5. Press back upward and return to a neutral starting position
  6. Repeat with the other leg, and perform 10 repetitions with each leg

Basic abdominal crunch

It’s probably the most basic abdominal exercise, but it’s effective for the activation of the rectus abdominis

Basic abdominal crunch
  1. Lie flat on your back with your knees bend and feet flat on the floor
  2. Cross your arms across your chest
  3. Squeeze from your belly and try to pull your shoulder blades an inch or two off the floor
  4. Slowly return your shoulder blades back to the floor
  5. It is NOT necessary to sit all the way up!
  6. Perform 3 sets of 10 repetitions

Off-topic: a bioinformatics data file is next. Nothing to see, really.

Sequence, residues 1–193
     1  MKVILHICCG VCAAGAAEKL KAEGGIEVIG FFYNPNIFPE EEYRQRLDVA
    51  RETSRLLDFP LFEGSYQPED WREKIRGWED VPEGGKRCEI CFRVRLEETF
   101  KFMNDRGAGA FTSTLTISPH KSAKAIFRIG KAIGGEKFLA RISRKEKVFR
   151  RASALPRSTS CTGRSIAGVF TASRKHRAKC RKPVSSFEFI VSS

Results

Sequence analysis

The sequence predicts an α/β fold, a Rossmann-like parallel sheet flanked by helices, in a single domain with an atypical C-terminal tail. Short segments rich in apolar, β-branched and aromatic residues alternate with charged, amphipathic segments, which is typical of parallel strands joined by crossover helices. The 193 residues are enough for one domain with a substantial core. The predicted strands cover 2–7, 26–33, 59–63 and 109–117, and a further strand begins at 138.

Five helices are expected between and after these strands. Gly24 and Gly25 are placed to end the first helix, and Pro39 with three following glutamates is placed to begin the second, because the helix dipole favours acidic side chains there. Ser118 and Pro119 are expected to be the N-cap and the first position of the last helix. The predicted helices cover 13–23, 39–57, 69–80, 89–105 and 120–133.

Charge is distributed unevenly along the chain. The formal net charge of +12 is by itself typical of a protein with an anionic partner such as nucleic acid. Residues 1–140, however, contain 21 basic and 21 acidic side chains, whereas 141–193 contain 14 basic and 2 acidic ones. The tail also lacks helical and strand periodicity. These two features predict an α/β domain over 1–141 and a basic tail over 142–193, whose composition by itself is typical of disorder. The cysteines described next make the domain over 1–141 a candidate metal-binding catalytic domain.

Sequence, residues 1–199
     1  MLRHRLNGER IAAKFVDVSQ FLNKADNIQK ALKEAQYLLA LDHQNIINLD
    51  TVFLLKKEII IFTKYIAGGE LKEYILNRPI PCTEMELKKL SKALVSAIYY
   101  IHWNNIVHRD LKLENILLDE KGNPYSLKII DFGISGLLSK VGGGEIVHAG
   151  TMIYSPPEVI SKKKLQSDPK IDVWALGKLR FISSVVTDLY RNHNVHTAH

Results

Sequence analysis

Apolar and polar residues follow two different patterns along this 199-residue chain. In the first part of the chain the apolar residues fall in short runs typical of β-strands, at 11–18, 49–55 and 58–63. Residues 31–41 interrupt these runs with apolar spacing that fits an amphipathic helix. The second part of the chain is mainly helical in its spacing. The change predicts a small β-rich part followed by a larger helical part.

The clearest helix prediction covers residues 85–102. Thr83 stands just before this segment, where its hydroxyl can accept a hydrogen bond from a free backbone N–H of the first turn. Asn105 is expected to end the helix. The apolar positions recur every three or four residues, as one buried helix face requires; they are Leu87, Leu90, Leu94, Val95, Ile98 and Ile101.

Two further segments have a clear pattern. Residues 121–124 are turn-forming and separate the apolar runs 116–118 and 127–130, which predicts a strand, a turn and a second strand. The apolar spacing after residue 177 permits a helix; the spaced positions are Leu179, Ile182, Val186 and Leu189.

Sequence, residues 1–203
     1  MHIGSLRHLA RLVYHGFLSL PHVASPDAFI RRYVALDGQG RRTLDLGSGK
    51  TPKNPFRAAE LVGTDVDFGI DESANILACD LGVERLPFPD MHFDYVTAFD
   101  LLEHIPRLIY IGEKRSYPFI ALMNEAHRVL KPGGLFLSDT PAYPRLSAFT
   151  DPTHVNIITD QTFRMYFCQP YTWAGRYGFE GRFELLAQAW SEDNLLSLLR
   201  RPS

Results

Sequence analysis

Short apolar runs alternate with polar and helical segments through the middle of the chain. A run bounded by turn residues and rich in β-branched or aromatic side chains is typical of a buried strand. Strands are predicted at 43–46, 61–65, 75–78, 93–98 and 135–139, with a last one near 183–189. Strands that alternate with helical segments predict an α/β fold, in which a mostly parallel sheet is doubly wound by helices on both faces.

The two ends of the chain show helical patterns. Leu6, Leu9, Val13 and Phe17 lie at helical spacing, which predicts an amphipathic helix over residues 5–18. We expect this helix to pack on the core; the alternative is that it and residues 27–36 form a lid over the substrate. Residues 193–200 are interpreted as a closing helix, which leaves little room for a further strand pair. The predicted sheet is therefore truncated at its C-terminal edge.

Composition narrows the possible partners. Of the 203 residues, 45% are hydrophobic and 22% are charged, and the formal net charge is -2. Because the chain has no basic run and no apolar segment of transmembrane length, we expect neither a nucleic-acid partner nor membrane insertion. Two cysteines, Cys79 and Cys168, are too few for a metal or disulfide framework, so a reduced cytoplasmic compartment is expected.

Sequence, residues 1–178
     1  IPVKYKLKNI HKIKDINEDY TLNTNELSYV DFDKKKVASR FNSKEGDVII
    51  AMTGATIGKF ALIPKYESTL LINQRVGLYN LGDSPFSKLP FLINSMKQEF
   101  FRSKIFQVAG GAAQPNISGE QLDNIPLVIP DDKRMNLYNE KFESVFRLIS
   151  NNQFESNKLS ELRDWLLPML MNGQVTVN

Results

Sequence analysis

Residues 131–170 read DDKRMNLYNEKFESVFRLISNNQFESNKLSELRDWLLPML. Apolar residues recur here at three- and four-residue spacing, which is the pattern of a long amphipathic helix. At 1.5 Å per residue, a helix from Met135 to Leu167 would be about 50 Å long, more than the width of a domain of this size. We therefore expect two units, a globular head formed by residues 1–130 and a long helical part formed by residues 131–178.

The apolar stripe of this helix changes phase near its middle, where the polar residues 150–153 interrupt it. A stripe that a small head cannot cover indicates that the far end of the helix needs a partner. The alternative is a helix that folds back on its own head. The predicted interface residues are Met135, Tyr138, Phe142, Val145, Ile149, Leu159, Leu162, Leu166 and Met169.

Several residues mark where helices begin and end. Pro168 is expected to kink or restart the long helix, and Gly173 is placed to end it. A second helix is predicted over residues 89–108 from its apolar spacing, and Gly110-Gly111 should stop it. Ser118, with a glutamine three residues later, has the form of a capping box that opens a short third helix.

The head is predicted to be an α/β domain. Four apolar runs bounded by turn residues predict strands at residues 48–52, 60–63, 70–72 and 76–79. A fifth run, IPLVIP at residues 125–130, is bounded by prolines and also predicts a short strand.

Bicycle crunch

A slightly more advanced version of the abdominal crunch, this exercise creates greater activation of the rectus abdominis

Bicycle crunch
  1. Lie flat on your back with your knees bend and feet flat on the floor
  2. Place your hands to the side of your head with your elbows pointed slightly in front of you
  3. Raise your right shoulder blade and left foot off the floor, bringing your elbow and knee towards each other
  4. Return to the starting position, and repeat with the left elbow and right knee
  5. Perform 20 times total, or 10 for each side

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Disclaimer

This information is for educational purposes only and is not intended to replace the advice of your doctor. Esports Healthcare disclaims any liability for the decisions you make based on this information.

The information contained on this website does not establish, nor does it imply, doctor-patient relationship. Esports Healthcare does not offer this information for diagnostic purposes. A diagnosis must not be assumed based on the information provided.